PETALING JAYA (THE STAR/ASIA NEWS NETWORK) - Concert promoters, entertainers and non-government organisations have hit back at the Malaysian Islamic Development Department's push for gender segregation at concerts.
The groups reacted strongly to the proposed guidelines released by Jakim on Saturday, with some dubbing the move as unwise, unwarranted, and that it threatens to ruin people's livelihood.
According to Jakim, the measure was taken after a three-minute video showing members of a South Korean band hugging and kissing female Malay fans on stage went viral on social media in January, prompting criticism that led Jakim's director-general Othman Mustapha to describe the incident as having "shamed Malaysia and the Muslim community".
On April 2, Communication and Multimedia Minister Ahmad Shabery Cheek said the organisers of the controversial concert had been blacklisted.
Reacting to news of the latest move, Soundscape founder Mak Wai Hoo said the guidelines were "silly".
"You can't follow all these guidelines for all the shows. As an organiser I see problems, not only for seating arrangements but also ticketing," he said.
Mak added that damage had already been done to Malaysia's reputation, and the guidelines were like adding salt to the wound.
Galaxy Group project director Bonor Seen said the guidelines were unacceptable in a multi-racial country.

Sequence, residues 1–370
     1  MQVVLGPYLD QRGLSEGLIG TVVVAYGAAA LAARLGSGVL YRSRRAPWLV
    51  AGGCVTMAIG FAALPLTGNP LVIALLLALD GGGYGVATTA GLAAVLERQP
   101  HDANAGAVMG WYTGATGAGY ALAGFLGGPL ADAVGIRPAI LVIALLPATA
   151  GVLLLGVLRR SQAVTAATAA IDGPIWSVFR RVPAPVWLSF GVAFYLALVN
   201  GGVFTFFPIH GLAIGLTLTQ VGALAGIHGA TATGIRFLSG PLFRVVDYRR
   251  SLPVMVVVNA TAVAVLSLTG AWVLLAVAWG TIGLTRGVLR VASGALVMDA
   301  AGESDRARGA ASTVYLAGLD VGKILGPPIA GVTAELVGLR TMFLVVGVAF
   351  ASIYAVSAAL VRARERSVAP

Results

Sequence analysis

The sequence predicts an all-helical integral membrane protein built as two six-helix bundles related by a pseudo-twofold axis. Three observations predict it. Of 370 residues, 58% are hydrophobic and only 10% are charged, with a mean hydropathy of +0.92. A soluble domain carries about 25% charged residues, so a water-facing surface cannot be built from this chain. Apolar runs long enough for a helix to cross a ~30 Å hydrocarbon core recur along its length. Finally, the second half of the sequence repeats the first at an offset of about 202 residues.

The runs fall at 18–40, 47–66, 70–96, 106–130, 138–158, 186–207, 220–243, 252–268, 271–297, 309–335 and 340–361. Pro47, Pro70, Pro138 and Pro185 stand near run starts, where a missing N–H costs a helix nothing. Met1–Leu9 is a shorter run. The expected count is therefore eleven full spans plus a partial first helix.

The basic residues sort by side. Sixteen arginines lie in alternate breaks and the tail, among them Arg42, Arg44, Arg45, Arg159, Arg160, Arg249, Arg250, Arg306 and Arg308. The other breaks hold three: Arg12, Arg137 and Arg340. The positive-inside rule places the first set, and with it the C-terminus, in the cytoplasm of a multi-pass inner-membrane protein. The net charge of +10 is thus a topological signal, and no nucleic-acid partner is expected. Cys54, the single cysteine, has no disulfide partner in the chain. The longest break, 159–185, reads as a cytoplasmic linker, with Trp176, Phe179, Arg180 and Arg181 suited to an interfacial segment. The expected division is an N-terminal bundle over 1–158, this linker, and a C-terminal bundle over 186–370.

"With so many more performing arts and cultural events (lined up) in conjunction with Year of Festivals 2015, these guidelines are at odds with the Government's vision of success.
"What is the objective of segregation? What are they trying to achieve with such rules?" he said.
This was echoed by Sisters in Islam executive director Ratna Osman, who asked if families would be separated at concerts.
"These rules will affect not just Muslims, but non-Muslims too," she said.
Malaysian Association of Creative Artistes president Freddie Fernandez said that while enforcement is by local authorities, the guidelines could impact concert attendance numbers.
Entertainer Irwan Shah Abdullah, popularly known as DJ Dave, said the move was a departure from a moderate Malaysia initiative.
"If you stipulate conditions on things such as concerts, we are moving away from these values," he said.
Minister in the Prime Minister's Department Dr Wee Ka Siong said Jakim had overstepped its jurisdiction by coming up with the proposal.
"Respect the rights granted to the people under the Federal Constitution," he said in reminding Jakim that it has crossed the line by now interfering in the affairs of non-Muslims.
"We must know our rights and fight for it," said Dr Wee as he called on everyone to stand up for fundamental liberties.
MCA Religious Harmony Bureau chairman Ti Lian Ker said Jakim should hold a forum with stakeholders.
"More liberal interpretations should be proffered as this guideline is very misplaced. There needs to be a middle ground."
Former Law Minister Zaid Ibrahim said Jakim guidelines were often "regulation-like", which is invariably bad for businesses, especially entertainment related.
"When the country has hundreds of real problems, why is Jakim making unnecessary rules? It won't make a difference as we are exposed to the TV, YouTube ... You can't shut out the world."